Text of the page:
What to do with Jabuticaba

If you happen to stroll through a street market in Rio around now you will almost certainly see lots of these:


Jabuticaba (zha-bootchy-CAH-ba).


As fruits go, this one is pretty remarkable. First of all there is the tree. You may have seen these images before, but I think a fruit tree this unusual is worth a second look:


A heavily laden jabuticabeira. As you can see, the fruit grows directly out of the trunk and branches.


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The best way to drink a cacau caipirinha.

A couple of days ago I mentioned the fish that we ate on a remote beach in Bahia in the northeast of Brazil. When you’ve walked a couple of hours to get to a beach, you realise that you are basically a captive audience so if there’s only one thing on the lunch menu then you’d better hope you like it. As I said in the post, luckily for us it turned out to be one of the most delicious fish I’ve ever eaten.

On that same day, as we were waiting for the fish, a different guy came past and asked if we’d like a caipirinha. Regular readers will know I’m rather fond of Brazil’s classic cocktail and so won’t be surprised to hear that I immediately asked what fruits they have (caipirinhas can be made with all manner of fruit, not just lime). The first fruit the guy mentioned was Cacau and I stopped him right there. Cacau is the fruit whose seeds are used to make chocolate, but those seeds are surrounded by a sweet, refreshing pulp that tastes nothing like cocoa.

When the guy disappeared off to make the drinks, I expected him to return with a drink served in a plastic cup. As discussed before, this does not automatically mean it will be a bad drink and who could expect them to have anything else in such a remote location? But what he actually came back with was this:


cacau caipirinha

Caipirinha de Cacau!


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A Rio Caipirinha

Another post about Caipirinhas? Yeah, what of it?! Just a quick one today as I’ve been working all day would you believe? But as I toiled away, here’s what I was dreaming off:


Is it just me, or does this thing look about a metre tall? A trick of the light or something I suppose – this is in fact just a normal, smallish plastic cup. The drink inside was lovely, regardless of its humble container…

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The Ultimate Caipirinha

In today’s post I am going to tell you about what I think is the best caipirinha there is. I never thought I’d find a fruit that suited this cocktail better than the good old classic limão (lime), but I’m confident that when you try one of these you will agree. The fruit in question isn’t easy to find, but if you can track it down, you will have something pretty special on your hands. Let’s take a look at it shall we?


Limão cravo, rangpur lime, canton lemon, hime

Limão Cravo – unassuming looking little fellows aren’t they? This fruit goes by many names (even in Brazil!): Limão Galego, Limão Lava-tacho, Limão Bode, Limão Rosa, Limão Capeta. Outside Brazil the list grows longer still: Rangpur lime, Canton Lemon, Hime Lemon.


A confusing list of names for a citrus fruit? After recent posts, I don’t expect any of you to be surprised by that! This fruit was mentioned in the comments of a few recent posts and I had been keeping a look-out for them for a while. You don’t find them in every supermarket, but I managed to track them down a few days ago in the organic section of Zona Sul. As I appear to be going through a bit of a mystery-fruit obsession a the moment, you won’t be surprised to hear that I hurried home to take a better look at these strange things.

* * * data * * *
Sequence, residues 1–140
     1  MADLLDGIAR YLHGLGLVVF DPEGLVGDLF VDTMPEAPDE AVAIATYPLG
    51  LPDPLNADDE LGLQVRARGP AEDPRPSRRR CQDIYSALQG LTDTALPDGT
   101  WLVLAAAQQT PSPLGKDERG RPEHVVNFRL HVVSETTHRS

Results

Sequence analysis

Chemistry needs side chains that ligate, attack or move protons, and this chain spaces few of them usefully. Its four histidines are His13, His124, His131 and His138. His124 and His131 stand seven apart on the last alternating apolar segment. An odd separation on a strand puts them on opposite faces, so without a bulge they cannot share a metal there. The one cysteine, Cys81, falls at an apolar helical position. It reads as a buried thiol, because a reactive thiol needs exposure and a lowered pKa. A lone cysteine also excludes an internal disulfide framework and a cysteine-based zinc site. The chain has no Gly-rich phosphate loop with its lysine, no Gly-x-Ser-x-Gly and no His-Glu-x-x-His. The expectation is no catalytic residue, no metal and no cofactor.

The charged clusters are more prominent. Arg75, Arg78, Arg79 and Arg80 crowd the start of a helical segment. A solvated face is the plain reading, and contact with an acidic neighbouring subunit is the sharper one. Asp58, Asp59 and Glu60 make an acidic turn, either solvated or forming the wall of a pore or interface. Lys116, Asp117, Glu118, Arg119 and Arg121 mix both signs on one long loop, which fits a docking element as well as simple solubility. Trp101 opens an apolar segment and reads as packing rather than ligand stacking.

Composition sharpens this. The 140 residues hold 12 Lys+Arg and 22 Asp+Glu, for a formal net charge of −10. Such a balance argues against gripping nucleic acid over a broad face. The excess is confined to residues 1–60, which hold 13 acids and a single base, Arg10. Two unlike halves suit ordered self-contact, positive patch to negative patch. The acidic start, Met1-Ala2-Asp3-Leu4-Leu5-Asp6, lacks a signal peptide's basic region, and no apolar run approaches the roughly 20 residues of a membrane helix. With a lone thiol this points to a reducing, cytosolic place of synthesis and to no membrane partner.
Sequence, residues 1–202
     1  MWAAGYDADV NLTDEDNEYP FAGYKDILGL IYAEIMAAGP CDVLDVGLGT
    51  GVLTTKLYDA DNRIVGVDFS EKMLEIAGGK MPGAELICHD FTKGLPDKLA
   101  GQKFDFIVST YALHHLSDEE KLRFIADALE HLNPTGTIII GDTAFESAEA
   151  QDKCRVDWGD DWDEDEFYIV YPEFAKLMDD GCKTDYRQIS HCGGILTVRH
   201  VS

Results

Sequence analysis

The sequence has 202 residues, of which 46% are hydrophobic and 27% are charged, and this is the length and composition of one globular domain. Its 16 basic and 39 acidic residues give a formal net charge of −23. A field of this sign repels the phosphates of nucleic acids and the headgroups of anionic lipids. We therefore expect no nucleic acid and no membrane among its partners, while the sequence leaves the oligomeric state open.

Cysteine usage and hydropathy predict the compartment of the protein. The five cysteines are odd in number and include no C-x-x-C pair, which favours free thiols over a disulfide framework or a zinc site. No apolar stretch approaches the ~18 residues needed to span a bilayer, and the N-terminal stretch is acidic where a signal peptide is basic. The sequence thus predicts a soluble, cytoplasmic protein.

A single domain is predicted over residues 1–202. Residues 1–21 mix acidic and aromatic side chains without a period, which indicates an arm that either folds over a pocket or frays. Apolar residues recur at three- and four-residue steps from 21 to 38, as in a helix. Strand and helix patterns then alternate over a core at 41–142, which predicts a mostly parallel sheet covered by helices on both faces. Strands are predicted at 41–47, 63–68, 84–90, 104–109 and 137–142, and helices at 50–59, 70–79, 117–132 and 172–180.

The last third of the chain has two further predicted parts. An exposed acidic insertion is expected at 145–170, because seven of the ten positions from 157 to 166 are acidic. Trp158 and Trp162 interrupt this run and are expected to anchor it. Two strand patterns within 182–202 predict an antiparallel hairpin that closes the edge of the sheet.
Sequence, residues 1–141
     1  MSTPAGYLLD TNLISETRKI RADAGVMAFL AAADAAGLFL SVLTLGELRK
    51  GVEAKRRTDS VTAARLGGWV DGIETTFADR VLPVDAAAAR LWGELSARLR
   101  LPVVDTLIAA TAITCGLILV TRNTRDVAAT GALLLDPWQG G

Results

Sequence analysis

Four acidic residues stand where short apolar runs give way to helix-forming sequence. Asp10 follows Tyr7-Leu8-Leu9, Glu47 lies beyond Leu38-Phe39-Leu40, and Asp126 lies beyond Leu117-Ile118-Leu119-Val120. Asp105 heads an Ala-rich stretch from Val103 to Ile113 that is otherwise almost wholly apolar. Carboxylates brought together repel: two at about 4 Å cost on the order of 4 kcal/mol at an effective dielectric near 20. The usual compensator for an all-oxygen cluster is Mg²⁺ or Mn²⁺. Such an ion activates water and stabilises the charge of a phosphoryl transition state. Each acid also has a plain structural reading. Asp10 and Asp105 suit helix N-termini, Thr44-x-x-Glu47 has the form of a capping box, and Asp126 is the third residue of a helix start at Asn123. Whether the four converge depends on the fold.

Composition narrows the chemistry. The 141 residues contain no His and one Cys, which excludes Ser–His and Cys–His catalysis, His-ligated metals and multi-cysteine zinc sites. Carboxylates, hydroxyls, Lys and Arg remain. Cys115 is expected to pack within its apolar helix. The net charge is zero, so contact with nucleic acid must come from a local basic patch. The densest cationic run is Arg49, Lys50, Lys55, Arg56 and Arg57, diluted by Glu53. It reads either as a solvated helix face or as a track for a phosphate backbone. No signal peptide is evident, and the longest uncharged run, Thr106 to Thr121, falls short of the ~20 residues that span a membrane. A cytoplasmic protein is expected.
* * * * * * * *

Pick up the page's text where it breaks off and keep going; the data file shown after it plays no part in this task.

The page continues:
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5 things you should know about Caipirinhas

One of the first things that many people want to do when they arrive in Rio, is try a genuine caipirinha (cai-pi-REE-nya). I was exactly the same when I got here – I had indulged in Brazil’s most famous cocktail many times in England, but now I wanted to know what a real one tasted like.

In the two years that have since passed,  I have been researching this topic with (ahem) diligence and dedication and today I will share with you some of my findings.






1. Caipirinhas don’t necessarily contain cachaça

When you order a caipirinha in Rio, it is quite normal for your waiter to ask “With cachaça?”. The first time this happened I was confused. Would he ask me if I wanted gin in my gin and tonic? The reason is that many people here have their caipirinhas made with vodka instead of cachaça. “Aha!”, I hear you say, “But that is called a caipiroska (or caipivodka). A caipirinha, by definition, is made with cachaça”. Personally, I agree with you – it’s just that most of the waiters and bar staff in Rio don’t. Every so often, if you don’t specify, a caipivodka will arrive. Don’t say I didn’t warn you!

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How to make a great Caipirinha

Before I get going on the steps for making a great Caipirinha, I want to reiterate the warning I gave in an earlier post – this is a powerful drink. When I arrived in Brazil I thought of the Caipirinha as being the same strength as a standard large measure of spirit (rum, vodka, whisky) with a mixer. It isn’t – I estimate that the standard version served in a bar or restaurant in Rio contains at least 5 or 6 standard measures of Cachaça…


The basic tools required to make a Caipirinha

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A Word of Advice…

…the Caipirinha is a powerful drink and should be treated with respect.

Do not make the mistake of underestimating the power of Brazil’s most famous cocktail. When I have recovered from my hangover, I’ll tell you how to make one for yourself.